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Fueling the Future

Electric cars? Hybrids that use electricity to assist gasoline engines? Fuel cells that merge hydrogen and oxygen to form water and release electricity? Clean-burning natural gas? Such new technology offers automakers—and drivers—alternatives to gasoline-powered engines. Which is the best option for the future? Or should automakers focus on improving mileage and reducing emissions in existing gasoline engines?

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Article by John Eliot, photograph by James A. Sugar
  Driving Into the Sun—Highway to Tomorrow  
  What lies down the road for drivers facing dwindling oil supplies, rising prices at the pump—perhaps $2.00 per gallon again this summer—and ever stricter clean-air demands? Automakers are spanning extremes. Twenty new gas-guzzling sport utility vehicle (SUV) models and light trucks may be rolling off assembly lines within five years. Already Ford and DaimlerChrysler each make monster SUVs about 20 feet (7 meters) long, weighing 7,000 to 12,500 pounds (3,200 to 5,700 kilos), advertised to travel 10 miles (17 kilometers) per gallon of diesel fuel or gasoline.

Yet this year DaimlerChrysler will sell to a German package-delivery company its Mercedes-Benz fuel-cell van, powered by electricity produced in an onboard system from hydrogen and oxygen. And soon Ford will unveil its electric two-seater, the Think City, like the one above. Made in Norway, the cars can reach 56 mph (90 kph) and travel 53 miles (85 kilometers) before recharging. They will join about 2,300 electric vehicles already whirring along California highways.

The contrast looks ironic. Nevertheless, all the world’s major car makers are tuning up for the future, whether they like it or not (and some of them don’t). The gun for the first lap of the sweepstakes for clean air and fuel efficiency has sounded in California, where stakes and standards are highest. Last January the California Air Resources Board (CARB) voted to require that 10 percent of all cars or light trucks sold in California by 2003 emit zero pollution or very low amounts, and that 4,650 full-size electric cars be on the market by then.

Claiming that meeting the state’s mandate would create huge production cost increases, General Motors then sued CARB in February. The outcome will echo across the U.S., because if California prevails, Massachusetts, New York, and Vermont intend to announce similar clean-car requirements.

All automakers are developing a variety of ZEVs (zero-emissions vehicles) or LEVs (low-emission vehicles) to meet California’s standards. Here’s a rundown:

* For the last decade, the ZEVs that dominated the drawing board have been electric cars, running far ahead of the pack. Now they’re on the highway, but they soon will be passed by more efficient LEV technology with engines that are quickly becoming more commercially promising.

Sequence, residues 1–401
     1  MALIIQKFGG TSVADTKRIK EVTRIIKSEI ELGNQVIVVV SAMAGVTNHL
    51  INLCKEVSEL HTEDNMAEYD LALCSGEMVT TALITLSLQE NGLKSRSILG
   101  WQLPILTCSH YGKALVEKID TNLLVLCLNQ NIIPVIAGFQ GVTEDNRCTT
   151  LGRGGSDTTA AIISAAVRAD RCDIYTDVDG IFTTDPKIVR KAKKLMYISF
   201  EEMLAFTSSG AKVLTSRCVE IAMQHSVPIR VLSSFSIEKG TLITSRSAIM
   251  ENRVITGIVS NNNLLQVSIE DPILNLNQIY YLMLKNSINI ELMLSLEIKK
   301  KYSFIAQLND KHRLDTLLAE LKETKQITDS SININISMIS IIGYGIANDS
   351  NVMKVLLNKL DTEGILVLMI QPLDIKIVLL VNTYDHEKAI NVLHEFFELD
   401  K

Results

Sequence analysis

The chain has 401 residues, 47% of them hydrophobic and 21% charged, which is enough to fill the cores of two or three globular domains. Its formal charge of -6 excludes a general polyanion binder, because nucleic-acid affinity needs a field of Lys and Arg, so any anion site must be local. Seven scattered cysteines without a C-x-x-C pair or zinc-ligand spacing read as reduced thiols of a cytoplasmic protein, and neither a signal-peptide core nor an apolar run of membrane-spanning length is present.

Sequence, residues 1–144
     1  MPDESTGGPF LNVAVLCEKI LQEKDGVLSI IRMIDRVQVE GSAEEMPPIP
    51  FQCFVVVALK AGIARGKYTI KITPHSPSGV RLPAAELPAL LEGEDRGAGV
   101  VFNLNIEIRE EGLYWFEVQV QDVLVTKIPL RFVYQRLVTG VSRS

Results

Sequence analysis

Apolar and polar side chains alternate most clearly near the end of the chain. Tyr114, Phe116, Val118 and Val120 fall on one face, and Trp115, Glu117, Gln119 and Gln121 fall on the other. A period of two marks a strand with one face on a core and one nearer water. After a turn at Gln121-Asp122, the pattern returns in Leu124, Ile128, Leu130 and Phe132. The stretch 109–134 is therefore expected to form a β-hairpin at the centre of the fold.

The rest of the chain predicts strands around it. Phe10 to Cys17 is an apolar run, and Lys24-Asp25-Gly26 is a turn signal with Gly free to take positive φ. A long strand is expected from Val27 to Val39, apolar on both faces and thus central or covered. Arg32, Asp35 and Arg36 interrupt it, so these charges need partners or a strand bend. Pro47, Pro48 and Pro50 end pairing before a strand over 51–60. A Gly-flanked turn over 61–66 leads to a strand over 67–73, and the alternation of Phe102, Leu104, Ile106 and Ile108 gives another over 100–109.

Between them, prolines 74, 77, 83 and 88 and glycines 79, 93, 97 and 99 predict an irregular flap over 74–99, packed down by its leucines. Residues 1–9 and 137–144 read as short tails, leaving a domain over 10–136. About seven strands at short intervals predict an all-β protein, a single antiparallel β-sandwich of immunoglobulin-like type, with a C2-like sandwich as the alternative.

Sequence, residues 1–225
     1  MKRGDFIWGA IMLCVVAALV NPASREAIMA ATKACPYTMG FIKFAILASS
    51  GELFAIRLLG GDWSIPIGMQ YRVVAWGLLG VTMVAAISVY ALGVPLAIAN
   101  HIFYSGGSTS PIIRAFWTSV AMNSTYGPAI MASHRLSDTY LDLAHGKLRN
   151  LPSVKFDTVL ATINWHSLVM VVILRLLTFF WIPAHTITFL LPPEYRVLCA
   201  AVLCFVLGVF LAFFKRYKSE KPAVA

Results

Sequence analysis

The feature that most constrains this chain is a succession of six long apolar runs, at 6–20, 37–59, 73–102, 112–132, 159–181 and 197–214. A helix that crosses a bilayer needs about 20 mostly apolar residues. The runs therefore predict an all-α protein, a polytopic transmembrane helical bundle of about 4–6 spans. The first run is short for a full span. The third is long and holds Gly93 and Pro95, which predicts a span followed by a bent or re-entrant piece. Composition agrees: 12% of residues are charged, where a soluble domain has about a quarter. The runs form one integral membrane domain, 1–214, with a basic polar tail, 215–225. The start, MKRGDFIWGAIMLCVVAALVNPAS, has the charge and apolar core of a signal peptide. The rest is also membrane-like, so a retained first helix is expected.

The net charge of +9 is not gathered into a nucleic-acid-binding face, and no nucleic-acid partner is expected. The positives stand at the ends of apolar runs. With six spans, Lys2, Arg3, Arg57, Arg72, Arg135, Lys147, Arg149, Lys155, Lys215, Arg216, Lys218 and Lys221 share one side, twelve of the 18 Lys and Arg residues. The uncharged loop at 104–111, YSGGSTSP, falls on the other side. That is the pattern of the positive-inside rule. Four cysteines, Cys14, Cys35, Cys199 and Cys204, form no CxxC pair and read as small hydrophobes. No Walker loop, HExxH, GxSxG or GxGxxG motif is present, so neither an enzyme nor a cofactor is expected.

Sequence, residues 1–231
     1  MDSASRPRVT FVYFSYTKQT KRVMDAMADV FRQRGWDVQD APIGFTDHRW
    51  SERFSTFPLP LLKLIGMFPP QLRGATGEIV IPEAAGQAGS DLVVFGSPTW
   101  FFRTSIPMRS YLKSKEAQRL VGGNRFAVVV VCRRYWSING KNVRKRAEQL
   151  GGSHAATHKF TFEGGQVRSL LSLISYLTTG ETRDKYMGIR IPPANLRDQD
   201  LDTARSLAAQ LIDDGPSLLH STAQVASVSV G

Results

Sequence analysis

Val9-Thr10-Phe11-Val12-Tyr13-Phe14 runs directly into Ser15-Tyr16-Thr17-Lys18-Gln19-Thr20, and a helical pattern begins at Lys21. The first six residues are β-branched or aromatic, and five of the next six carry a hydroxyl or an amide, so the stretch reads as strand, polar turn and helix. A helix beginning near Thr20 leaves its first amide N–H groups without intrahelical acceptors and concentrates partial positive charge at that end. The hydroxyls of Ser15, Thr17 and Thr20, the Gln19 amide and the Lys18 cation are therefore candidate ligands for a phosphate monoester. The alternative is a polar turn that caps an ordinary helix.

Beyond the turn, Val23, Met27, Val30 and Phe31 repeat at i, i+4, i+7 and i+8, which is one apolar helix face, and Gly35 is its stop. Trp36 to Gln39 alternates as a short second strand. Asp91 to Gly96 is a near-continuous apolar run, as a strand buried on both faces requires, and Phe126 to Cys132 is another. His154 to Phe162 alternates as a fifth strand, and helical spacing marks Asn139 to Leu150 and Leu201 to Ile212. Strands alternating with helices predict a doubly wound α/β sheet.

* Using both electric motors and gasoline engines, hybrids are moving up fast. Full hybrids could run on battery power alone at low speeds, with the main engine shut down. But U.S. automakers are now zeroing in on half hybrids, which would use small motors to electrically assist gasoline engines. They would improve mileage by 10 to 20 percent but cost less to build. Ford and GM plan to offer half-hybrid SUVs by 2004.

* In the long run, fuel-cell-powered vehicles may have the inside track. They will utilize hydrogen, one of Earth’s most abundant resources. In a fuel cell, hydrogen and oxygen merge, forming water and releasing electricity. Fuel cells are two to three times as efficient as combustion engines. With a goal of producing 50 fuel-cell-powered vehicles by 2003, the California Fuel Cell Partnership includes Ford, General Motors, and DaimlerChrysler. Other industry groups are planning a network of service stations where drivers could fill up with hydrogen for their fuel cells—Hamburg, Germany, has had one for two years. With abundant hydropower, Iceland hopes to generate hydrogen for a fleet of cars, trucks, buses, even fishing trawlers.

* Natural gas (methane) powers about a million vehicles worldwide. They are so clean that one model, the Honda Civic GX, tied for first place in a list of the most environmentally friendly vehicles in the U.S. this year.

* And the old gray mare ain’t dead yet. Gasoline engines power 10 of the 13 greenest cars and trucks evaluated for 2001 by the American Council for an Energy-Efficient Economy. Electric and alternate-fuel vehicles have dominated past winners lists. While cars of the future get a lot of ink, engineers keep improving the original horse for the horseless carriage.

Ironically, the average fuel economy of U.S. cars is worse today than it was 14 years ago. The average for all passenger cars and light trucks sold each year has fallen from 25.9 miles (42 kilometers) per gallon in 1987 to 24 (39 kilometers) now. Why? All those SUVs...

Get the whole story in the pages of National Geographic magazine.
 

  Bibliography:  
  BOOKS

Lerner, Steve. Eco-Pioneers: Practical Visionaries Solving Today’s Environmental Problems. The MIT Press, 1997.

Perlin, John. From Space to Earth: The Story of Solar Electricity. Aatec Publications, 1999.

Perrin, Noel. Solo: Life with an Electric Car. W. W. Norton & Company, 1992.

Pratt, Doug. Solar Living Source Book: The Complete Guide To Renewable Energy Technologies & Sustainable Living. Chelsea Green Publishing Company, 1999.

Quarrie, Joyce. Earth Summit 1992. The Regency Press, 1992.

Singh, Madanjeet. The Timeless Energy of the Sun for Life and Peace with Nature. Sierra Club Books, 1998.

Sperling, Daniel. Future Drive: Electric Vehicles and Sustainable Transportation. Island Press, 1995.

 

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